Merck wins race to market PD-1 inhibitor in US
Merck has gained US FDA accelerated approval for new generation drug Keytruda (pembrolizumab), an immunotherapy treatment for advanced melanoma.
Keytruda is one of a new generation of PD-1 therapies that block the biological pathways cancers use to disguise themselves from the immune system. It acts by making the cancer cell ‘visible’ to the immune system and thus the cell can be destroyed by the body’s natural defence mechanisms.
The drug received the FDA’s Breakthrough Therapy designation based on the significance of early study findings and unmet medical need. For the recommended 2 mg/kg dose based on data in 89 patients, the overall response rate was 24 per cent, with one complete response and 20 partial responses.
Merck is conducting ongoing phase II and III clinical studies, to provide further confirmatory evidence for Keytruda in this indication. The Breakthrough designation is designed to give earlier access to a drug that the FDA considers ‘reasonably likely’ to benefit patients.
Analysts had speculated that Bristol-Myers Squibb’s PD-1 drug Opdivo (nivolumab) might be the first of this class approved in the US, after it was approved in Japan in July.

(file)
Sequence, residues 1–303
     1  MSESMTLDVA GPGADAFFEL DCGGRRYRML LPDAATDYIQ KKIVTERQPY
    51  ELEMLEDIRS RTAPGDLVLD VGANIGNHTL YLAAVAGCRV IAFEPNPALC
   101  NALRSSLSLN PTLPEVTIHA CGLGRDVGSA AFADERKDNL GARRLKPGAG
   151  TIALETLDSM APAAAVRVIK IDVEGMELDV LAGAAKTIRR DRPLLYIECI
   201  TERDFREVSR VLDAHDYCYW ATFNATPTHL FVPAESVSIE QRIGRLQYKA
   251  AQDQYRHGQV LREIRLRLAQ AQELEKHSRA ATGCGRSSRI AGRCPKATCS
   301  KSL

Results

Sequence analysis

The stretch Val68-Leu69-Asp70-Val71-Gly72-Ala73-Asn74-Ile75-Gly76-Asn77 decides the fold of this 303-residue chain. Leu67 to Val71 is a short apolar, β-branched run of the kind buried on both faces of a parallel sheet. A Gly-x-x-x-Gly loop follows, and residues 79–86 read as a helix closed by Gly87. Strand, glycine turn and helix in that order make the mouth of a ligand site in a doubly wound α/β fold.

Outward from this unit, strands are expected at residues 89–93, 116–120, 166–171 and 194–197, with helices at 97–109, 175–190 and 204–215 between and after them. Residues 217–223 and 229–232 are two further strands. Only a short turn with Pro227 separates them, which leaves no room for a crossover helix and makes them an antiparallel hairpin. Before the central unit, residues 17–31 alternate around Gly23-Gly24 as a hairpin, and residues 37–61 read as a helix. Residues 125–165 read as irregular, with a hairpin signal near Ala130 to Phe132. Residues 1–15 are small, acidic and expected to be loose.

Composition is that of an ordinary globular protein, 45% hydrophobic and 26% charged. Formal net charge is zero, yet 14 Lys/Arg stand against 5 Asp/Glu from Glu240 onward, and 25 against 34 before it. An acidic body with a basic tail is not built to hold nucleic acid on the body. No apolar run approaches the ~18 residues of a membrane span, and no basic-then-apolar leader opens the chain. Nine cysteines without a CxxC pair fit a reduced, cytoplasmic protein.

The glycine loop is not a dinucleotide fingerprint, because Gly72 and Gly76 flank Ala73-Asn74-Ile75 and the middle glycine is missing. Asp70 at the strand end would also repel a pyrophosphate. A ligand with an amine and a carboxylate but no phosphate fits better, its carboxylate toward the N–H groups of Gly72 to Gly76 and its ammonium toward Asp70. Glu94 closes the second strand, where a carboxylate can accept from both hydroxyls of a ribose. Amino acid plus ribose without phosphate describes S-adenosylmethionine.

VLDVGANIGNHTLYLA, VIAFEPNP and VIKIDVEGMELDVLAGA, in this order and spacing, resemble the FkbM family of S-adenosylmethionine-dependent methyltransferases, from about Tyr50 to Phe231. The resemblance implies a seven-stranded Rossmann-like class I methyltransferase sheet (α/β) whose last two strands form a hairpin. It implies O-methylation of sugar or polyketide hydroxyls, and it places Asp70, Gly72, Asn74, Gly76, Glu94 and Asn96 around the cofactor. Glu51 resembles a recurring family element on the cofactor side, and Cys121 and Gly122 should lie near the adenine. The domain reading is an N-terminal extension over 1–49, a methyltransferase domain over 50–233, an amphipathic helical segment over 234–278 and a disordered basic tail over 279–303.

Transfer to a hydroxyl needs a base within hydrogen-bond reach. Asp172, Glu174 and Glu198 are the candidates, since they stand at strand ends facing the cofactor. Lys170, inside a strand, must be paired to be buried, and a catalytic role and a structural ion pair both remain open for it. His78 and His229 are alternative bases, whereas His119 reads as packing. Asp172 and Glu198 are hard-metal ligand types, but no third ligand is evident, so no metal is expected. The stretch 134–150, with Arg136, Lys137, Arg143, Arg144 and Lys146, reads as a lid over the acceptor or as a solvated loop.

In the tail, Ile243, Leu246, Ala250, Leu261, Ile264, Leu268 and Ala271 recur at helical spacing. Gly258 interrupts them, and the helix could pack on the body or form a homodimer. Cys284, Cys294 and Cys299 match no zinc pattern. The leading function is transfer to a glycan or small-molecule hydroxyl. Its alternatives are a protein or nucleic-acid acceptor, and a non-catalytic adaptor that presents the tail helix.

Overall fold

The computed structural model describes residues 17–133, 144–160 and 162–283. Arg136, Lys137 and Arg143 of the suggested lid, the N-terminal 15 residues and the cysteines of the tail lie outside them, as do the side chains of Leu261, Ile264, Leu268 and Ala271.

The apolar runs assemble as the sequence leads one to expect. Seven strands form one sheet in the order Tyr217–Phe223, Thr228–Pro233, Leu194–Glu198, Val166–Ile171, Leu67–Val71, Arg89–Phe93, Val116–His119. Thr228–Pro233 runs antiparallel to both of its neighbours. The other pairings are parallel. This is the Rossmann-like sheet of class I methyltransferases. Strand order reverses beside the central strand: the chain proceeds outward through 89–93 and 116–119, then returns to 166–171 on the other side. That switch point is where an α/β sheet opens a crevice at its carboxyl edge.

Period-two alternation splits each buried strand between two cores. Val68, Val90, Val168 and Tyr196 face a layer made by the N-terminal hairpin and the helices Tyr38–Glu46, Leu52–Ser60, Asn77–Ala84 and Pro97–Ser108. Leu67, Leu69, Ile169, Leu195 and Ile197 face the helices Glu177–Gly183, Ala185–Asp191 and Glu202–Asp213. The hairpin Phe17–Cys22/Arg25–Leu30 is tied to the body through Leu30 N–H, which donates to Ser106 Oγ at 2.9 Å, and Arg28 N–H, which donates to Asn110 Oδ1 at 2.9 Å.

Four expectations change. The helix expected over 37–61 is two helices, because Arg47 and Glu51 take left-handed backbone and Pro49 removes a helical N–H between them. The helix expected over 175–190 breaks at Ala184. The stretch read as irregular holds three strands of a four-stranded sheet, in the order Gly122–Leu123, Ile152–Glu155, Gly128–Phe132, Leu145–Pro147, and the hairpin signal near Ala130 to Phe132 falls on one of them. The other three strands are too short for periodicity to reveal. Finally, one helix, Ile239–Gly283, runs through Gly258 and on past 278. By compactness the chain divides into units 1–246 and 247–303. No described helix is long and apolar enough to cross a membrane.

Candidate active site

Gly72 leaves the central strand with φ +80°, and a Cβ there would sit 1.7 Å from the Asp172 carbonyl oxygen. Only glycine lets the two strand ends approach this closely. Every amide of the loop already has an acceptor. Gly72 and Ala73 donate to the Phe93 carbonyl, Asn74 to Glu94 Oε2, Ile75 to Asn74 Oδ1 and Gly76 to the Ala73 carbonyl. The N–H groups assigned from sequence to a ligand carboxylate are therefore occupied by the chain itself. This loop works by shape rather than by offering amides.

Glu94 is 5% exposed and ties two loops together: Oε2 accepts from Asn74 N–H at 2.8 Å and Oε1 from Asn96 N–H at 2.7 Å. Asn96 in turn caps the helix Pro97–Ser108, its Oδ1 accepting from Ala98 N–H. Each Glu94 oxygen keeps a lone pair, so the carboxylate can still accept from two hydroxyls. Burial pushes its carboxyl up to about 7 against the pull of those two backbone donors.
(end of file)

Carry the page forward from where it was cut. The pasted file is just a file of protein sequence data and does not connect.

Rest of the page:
“Keytruda embodies Merck’s unwavering commitment to pursue breakthrough science to help people who are facing the most challenging diseases,” said Merck’s CEO Kenneth C Frazier. “We are grateful to the people with advanced melanoma who participated in our trials, and the scientific and medical community for the shared effort that has led to the accelerated approval.”
Scientists based at the UK medical research charity MRC Technology (MRCT), first advanced the antibody-based treatment and carried out humanisation, an essential step in the success of the therapeutic.
MRCT CEO Dave Tapolczay, said: “We are delighted by this news and proud that MRC Technology scientists played a significant early-stage role in bringing this new cancer treatment to patients. Clinical investigators involved in trialling Keytruda have described the treatment’s potential as ‘exciting and striking’ and a ‘paradigm shift’ for cancer therapy. This is good news for cancer sufferers and represents a significant milestone in the treatment of highly invasive tumours such as advanced melanoma.”
The UK government’s Life Sciences Minister George Freeman added his praise, saying: “We are proud to see UK scientists once again playing a vital role in developing an exciting new drug, which has such potential for impact on patients’ lives. This success serves to highlight the importance of continued support for the life science sector in the UK.”
An application for European (EMA) approval for Keytruda was made in June.
The therapy holds great potential for treatment of an array of different cancers, and by the end of 2014 it will be in 24 clinical trials for 30 tumour types, involving an estimated 6,000 patients.
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